For the following three years the two newly appointed apprentices learn to fell trees, saw off branches and whittle trunks down to toothpick sized splinters with only an axe, a Swiss Army knife and the stubble on their chins for sand paper. At least one of the apprentices fall by the wayside, seduced by the easy money to be obtained mass producing toothpicks for hotel tables across Scandinavia. In some decades both are seduced by the darkside. The dedicated few, those silent, strong, Scandinavians with steely blue eyed glacial stares will persevere. For them quick money is not the goal;  it is the desire to perfect such a straight sharp tipped toothpick, one that could grace the tables of The Dorchester, Claridges, The Savoy in London, or Pizza Express in Plymouth. Perfectionism takes time; it takes a year just to judge by eye the direction of the grain in the whittled down trunk. One mistake and a tree is tossed; nothing more than firewood to be used to amuse wimpish southern softy tourists from the UK, a people unable to cope with extremes of temperature below minus 1C. It has been said that some apprentices have gone without sleep for six months at a time in pursuit of creating the perfect octagonal gauge needed to create the eight sided splinter from which the toothpick will finally emerge. Such dedication and passion to one's art is to be deeply admired. 

Of course, the discerning among you will know that none of the above is true; nor is it April fool's day. These were the musings that past between father and son as they swung stuck on a ski lift in the pinewoods. At minus 27C your mind wanders and your teeth chatter. Ridiculous stories stop your brain from freezing!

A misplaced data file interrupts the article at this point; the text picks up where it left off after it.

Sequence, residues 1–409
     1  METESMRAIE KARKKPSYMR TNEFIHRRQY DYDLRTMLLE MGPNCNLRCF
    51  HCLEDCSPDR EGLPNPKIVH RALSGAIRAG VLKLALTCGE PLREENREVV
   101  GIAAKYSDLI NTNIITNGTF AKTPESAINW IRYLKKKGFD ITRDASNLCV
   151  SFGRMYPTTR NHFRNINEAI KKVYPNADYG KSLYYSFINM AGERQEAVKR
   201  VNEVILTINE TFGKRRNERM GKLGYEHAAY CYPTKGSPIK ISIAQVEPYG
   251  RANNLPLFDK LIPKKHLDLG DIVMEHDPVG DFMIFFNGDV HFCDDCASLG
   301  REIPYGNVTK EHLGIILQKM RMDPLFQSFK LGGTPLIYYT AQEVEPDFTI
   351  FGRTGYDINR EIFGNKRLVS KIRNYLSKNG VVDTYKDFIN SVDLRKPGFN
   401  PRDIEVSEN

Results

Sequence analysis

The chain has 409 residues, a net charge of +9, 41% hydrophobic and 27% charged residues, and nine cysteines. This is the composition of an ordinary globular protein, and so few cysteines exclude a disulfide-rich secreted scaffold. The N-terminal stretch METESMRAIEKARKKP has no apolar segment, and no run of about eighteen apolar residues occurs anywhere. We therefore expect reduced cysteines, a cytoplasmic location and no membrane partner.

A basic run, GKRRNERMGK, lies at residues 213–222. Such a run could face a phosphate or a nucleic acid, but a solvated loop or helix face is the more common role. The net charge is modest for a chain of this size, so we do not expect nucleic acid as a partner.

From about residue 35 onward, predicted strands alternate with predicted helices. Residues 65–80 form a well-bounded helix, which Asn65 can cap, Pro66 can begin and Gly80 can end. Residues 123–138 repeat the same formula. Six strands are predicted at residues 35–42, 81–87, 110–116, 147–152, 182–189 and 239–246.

Tuesday 23 December 2014

Reindeer are daft but so cute!

A 30km snowmobile safari; at night; in search of the elusive northern lights. A Russian guide who is an ex national park ranger with a wonderful gentle manner and dry sense of humour; who endeared himself to us immediately because of his wonderful mockery of Brussels and EU Eurocrats. 

Snowmobiles are like wild horses, they have a mind of their own and need to be ridden firmly. Simple machines, they have a throttle and a brake......don't forget which is which.........unless you want to shoot off track.....and  they require some firm steering and control. Heat vents keep engine heat directed at your hands; the windscreen deflects windchill but is often useless to see through as it completely ices over and thermally lined jumpsuits and boots are a must. 

The tracks were bumpy and rutted, narrow and hemmed in by large pine trees laden with snow. The headlights cast a warm orange glow across an unforgiving landscape. You had better understand winter snow survival skills out here. An accident could spell disaster in minus twenty degrees at night!   When it becomes so bumpy, standing and absorbing the shock through your bended legs is advisable.